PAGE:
Metal ferrite nanoparticles as tracers in hydraulically fractured wells
Barron, Andrew R
Doctor of Philosophy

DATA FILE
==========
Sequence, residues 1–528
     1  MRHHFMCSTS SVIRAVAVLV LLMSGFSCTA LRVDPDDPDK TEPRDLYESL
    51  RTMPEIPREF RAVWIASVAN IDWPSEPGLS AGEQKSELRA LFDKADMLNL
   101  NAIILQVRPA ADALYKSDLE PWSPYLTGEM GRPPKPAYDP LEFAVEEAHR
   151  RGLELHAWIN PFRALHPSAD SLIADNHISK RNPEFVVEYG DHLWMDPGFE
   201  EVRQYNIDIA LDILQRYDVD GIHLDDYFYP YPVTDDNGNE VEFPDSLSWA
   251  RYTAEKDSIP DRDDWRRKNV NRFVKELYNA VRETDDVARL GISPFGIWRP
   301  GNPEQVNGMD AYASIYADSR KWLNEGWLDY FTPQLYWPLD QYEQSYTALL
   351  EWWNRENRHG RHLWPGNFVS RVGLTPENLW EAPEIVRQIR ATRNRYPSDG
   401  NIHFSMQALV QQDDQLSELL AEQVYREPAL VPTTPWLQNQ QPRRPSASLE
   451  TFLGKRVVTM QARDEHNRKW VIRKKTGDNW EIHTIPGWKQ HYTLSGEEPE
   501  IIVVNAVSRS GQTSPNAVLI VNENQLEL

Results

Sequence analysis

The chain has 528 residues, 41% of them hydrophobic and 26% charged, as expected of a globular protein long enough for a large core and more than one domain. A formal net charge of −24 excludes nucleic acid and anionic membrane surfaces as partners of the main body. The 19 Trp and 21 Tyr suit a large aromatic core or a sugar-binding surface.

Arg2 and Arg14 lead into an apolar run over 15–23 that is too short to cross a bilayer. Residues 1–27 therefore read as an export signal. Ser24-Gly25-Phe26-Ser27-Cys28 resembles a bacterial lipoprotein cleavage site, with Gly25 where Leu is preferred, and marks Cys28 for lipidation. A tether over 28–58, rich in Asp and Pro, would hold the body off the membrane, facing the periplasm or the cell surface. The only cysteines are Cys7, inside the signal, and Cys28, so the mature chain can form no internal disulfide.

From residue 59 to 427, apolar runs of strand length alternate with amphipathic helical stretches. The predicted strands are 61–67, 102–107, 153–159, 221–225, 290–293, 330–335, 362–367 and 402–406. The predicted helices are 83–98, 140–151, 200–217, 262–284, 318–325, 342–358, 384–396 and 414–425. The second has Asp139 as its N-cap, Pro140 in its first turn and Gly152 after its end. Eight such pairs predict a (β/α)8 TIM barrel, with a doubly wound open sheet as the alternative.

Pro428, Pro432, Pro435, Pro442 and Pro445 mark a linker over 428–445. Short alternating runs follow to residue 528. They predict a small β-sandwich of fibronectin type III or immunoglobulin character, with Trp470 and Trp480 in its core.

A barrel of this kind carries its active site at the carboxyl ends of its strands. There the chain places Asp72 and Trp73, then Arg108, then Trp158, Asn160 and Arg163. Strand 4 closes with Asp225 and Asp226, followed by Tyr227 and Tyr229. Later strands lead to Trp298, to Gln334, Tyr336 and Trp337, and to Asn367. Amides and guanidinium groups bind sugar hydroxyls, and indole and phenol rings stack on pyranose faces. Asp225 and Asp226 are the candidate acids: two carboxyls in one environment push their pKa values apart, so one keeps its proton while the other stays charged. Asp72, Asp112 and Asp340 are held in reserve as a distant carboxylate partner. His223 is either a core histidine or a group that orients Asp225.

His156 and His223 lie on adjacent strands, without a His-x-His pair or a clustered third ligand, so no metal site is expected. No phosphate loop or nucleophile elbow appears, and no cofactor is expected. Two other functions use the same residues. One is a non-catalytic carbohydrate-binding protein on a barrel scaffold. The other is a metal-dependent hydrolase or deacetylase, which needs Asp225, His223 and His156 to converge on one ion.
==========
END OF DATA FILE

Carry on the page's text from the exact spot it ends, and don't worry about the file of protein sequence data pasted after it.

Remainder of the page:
A variety of metal ferrite nanoparticles were synthesized via thermal decomposition reaction and characterized with transmission electron microscopy, small angle X-ray scattering, inductively coupled plasma – optical emission spectroscopy, X-ray photoelectron spectroscopy, thermogravimetric analysis, and a superconducting quantum interference device in order to develop a cost-effective means of tracing hydraulic fractures in wells. In addition, the nanoparticles were developed as a means of determining sources of contamination in the environment surrounding a well by way of “fingerprinting” the different potential sources. This is achieved through the manipulation of the quantities of metal cations substituted into the crystal structure of magnetite, allowing for the creation of unique and desired magnetic characteristics. In order to determine the feasibility of using nanoparticles as tracers, the quantity needed to be able to detect the nanoparticles as determined, as well as how the magnetic properties change as temperature increases as a function of nanoparticle composition. Finally, the feasibility of making industrial quantities of the nanoparticles was investigated.